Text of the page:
Video & Gallery: Giving blood for the first time

PUBLISHED: 16:56 16 April 2008 | UPDATED: 08:25 02 June 2010

To watch our video hover over the image above and click the play button. Adobe Flash Player required.

To watch our video hover over the image above and click the play button. Adobe Flash Player required.

Sharon Kerrison, 32, gives blood for the first time. Sharon s three-year-old daughter Emma-Louise was born with a rare and potentially life-threatening blood disorder called Hereditary Sphercytosis, and owes her life to other donors. WHERE WAS IT HELD? M

sharon kerrison and her daughter emma-louise at her first blood donor session

Sharon Kerrison, 32, gives blood for the first time. Sharon's three-year-old daughter Emma-Louise was born with a rare and potentially life-threatening blood disorder called Hereditary Sphercytosis, and owes her life to other donors.

WHERE WAS IT HELD? March Youth and Community Centre, in Station Road.

WHEN DID IT TAKE PLACE? Friday, April 11 at 2pm.

WHAT WAS INVOLVED? Mrs Kerrison, from Manea, was registered on a computer and a donor health check form, which she had filled out prior to the visit, is checked. She is then taken for a private interview with a nurse and asked further questions to see if she is fit and well to give blood and the nurse answered all queries that Mrs Kerrison had. After this, she lies on a bed and gives her donation. This takes between six and eight minutes. She then spent 10 minutes in the refreshment room having tea and biscuits.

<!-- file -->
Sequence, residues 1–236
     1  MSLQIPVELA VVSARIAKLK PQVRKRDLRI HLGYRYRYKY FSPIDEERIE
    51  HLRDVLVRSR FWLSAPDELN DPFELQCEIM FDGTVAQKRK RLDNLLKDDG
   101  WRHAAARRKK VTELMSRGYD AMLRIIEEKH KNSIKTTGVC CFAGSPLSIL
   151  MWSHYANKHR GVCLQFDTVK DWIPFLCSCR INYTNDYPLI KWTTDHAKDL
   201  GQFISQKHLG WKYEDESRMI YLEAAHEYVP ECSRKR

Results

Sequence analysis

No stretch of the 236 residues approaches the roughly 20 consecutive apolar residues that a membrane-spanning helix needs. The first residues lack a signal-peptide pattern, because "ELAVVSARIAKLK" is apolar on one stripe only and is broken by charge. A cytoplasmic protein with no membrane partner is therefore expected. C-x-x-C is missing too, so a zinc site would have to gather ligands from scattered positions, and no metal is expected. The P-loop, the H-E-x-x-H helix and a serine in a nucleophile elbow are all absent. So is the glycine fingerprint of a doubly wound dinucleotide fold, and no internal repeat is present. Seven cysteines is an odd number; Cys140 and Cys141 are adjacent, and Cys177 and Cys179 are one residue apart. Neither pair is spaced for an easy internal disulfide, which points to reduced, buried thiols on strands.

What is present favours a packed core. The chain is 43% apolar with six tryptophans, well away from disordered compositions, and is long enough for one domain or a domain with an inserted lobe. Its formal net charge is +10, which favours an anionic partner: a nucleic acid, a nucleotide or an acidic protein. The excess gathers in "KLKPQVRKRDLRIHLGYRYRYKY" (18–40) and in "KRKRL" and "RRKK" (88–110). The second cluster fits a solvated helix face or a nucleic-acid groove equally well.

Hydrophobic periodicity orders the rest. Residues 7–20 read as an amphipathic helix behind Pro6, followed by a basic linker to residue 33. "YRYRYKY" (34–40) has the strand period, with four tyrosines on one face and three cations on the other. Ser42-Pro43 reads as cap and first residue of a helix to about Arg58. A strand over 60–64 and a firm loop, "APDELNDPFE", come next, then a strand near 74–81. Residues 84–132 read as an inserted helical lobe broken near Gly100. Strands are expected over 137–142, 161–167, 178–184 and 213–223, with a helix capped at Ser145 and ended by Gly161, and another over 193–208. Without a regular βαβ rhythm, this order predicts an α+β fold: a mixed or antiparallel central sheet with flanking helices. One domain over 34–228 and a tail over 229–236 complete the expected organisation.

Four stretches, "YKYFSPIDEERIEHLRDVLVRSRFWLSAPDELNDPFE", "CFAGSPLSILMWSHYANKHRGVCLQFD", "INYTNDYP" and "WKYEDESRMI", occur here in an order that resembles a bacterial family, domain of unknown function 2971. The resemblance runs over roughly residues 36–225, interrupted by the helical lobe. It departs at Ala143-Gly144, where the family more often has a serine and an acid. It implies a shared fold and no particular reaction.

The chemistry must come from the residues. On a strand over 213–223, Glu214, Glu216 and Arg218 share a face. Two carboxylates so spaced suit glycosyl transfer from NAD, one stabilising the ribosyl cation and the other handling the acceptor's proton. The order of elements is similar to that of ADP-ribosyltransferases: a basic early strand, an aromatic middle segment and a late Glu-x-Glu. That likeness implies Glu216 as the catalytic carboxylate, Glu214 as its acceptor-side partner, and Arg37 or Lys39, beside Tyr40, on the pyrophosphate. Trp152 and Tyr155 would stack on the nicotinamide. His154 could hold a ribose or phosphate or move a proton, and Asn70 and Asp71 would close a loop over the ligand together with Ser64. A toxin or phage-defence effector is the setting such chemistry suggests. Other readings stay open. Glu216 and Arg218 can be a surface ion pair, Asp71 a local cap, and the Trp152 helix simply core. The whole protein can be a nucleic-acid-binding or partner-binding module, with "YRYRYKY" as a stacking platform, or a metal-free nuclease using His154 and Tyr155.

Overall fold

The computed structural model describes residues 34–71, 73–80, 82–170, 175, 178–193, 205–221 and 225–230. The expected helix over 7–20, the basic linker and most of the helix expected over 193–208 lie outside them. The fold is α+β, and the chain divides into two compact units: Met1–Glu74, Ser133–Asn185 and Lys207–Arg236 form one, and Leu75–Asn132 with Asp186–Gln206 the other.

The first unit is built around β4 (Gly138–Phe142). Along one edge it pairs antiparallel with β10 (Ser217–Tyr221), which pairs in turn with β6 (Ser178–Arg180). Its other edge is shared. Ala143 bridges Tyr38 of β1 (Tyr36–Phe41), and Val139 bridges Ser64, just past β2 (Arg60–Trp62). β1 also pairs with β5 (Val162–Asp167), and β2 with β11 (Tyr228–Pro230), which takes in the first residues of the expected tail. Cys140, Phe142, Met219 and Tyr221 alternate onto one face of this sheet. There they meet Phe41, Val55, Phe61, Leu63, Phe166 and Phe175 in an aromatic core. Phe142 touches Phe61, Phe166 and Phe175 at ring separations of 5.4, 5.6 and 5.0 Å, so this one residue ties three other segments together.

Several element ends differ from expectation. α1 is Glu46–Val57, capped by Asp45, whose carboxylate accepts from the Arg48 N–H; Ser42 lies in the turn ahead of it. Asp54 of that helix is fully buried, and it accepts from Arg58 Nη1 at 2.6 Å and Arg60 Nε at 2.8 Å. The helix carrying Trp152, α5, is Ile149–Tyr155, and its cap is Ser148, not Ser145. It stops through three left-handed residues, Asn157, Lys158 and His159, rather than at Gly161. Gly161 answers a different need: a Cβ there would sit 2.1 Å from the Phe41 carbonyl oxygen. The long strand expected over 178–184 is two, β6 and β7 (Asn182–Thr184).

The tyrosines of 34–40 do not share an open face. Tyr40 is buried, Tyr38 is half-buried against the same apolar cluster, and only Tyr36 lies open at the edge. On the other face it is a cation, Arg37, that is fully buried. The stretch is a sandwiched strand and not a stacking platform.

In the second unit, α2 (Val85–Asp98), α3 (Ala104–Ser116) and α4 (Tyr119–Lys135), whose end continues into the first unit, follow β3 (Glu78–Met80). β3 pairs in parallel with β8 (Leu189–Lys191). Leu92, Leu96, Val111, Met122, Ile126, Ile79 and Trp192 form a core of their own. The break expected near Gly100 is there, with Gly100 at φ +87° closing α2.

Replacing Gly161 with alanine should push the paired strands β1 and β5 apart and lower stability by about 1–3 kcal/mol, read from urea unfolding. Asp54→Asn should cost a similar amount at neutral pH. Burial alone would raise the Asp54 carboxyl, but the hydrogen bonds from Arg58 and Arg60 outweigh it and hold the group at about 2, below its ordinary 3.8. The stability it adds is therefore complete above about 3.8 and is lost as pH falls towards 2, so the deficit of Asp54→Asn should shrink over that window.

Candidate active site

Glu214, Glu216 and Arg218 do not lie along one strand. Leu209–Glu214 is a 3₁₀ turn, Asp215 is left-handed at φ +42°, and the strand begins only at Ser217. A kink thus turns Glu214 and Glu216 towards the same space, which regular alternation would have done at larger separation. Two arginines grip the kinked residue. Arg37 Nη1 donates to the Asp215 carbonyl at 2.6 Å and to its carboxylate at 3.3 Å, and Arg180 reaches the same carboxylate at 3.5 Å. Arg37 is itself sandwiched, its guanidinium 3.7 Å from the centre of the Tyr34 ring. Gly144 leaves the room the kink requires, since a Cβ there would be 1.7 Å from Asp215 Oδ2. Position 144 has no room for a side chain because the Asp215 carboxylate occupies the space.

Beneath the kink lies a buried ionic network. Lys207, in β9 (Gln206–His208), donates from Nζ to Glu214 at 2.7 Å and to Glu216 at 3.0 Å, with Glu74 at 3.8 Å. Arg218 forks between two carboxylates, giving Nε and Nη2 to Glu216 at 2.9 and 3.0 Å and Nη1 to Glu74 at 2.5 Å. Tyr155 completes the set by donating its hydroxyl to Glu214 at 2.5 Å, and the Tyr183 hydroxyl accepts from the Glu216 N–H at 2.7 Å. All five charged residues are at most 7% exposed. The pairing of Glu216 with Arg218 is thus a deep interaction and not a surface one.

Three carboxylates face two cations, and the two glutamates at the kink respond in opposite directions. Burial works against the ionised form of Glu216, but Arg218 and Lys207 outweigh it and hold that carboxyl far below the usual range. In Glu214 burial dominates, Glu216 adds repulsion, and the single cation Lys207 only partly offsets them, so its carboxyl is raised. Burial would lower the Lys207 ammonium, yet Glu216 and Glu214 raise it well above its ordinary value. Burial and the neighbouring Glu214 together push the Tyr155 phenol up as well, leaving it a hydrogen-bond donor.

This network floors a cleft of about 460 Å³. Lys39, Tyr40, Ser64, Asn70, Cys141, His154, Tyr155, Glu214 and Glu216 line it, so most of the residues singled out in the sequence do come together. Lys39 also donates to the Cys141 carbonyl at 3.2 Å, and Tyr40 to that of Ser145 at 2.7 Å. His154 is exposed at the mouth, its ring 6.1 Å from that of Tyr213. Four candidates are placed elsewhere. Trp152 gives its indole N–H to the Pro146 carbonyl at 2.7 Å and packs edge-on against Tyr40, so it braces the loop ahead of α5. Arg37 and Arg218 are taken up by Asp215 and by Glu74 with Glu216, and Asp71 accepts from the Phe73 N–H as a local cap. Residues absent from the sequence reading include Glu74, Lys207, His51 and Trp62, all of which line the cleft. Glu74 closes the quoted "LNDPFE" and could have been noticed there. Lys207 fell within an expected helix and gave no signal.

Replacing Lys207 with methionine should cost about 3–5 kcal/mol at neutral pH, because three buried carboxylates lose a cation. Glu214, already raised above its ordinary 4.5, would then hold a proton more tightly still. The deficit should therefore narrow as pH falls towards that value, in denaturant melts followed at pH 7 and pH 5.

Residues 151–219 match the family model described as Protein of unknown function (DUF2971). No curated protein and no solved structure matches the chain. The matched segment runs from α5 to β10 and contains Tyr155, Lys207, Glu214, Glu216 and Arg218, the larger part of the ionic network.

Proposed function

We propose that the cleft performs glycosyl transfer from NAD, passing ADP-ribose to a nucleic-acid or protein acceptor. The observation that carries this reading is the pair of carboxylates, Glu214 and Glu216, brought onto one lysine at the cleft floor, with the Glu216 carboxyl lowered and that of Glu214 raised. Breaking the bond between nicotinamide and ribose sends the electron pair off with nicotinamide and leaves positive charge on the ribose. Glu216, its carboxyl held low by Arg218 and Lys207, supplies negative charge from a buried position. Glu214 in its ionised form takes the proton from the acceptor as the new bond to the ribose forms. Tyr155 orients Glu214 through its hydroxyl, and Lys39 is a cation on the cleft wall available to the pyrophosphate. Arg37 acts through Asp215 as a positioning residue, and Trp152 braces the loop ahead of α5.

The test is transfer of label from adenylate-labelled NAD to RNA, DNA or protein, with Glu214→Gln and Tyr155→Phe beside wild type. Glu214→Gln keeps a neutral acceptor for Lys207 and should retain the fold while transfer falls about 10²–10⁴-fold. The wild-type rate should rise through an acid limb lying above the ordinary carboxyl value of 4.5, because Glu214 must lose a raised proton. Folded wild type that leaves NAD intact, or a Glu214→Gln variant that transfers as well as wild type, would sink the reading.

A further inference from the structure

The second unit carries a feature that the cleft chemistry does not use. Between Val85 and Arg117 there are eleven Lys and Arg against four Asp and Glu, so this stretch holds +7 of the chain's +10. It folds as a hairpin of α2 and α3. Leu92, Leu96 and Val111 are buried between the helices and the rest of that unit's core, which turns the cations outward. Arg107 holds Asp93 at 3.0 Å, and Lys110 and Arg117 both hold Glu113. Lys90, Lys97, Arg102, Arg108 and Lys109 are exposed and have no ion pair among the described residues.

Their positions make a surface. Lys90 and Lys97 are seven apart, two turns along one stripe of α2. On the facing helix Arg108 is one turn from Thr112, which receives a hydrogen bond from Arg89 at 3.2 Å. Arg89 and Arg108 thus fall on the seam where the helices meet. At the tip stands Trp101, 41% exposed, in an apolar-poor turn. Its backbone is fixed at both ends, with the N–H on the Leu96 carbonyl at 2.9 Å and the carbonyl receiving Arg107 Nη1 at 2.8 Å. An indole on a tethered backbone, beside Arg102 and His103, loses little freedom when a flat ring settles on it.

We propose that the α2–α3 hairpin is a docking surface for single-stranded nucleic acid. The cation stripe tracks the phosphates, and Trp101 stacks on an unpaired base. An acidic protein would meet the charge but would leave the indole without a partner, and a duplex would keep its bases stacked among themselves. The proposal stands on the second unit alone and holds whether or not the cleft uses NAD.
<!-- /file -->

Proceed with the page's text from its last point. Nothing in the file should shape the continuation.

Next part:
A standard donation is 470 millilitres and donors are invited to give blood every 16 weeks.

HOW LONG DOES IT TAKE? It takes roughly one hour for anyone giving their first donation and a little less time for further donations.

WHERE DOES THE BLOOD GO? It is taken to Brentwood, Essex. Two deliveries are made a day and the blood must be stored within six hours or it can not be used.

WHO CAN DO IT: Anyone aged between 17 and 59, who weighs more than seven stone 12 pounds and is generally fit and healthy.

ARE THERE ANY RISKS? Gareth Bell, National Blood Services communications officer, said: "Every potential donor is thoroughly checked and there is no risk at all. Donors are told to not do anything too strenuous after giving blood, like going to the gym, but they should be fine to go back to work or carry on there day as normal.

HOW DID IT GO? Mrs Kerrison said afterwards: "I feel absolutely fine and no different to how I did when I came in here. I've persuaded and inspired other friends to give blood and I'll be back for my next donation in August."

FOR MORE INFORMATION: Call the National Blood Service Helpline on 0845 7 711 711 or log on to www.blood.co.uk.


If you value what this story gives you, please consider supporting the Wisbech Standard. Click the link in the orange box above for details.

Become a supporter

This newspaper has been a central part of community life for many years. Our industry faces testing times, which is why we're asking for your support. Every contribution will help us continue to produce local journalism that makes a measurable difference to our community.

Latest from the Wisbech Standard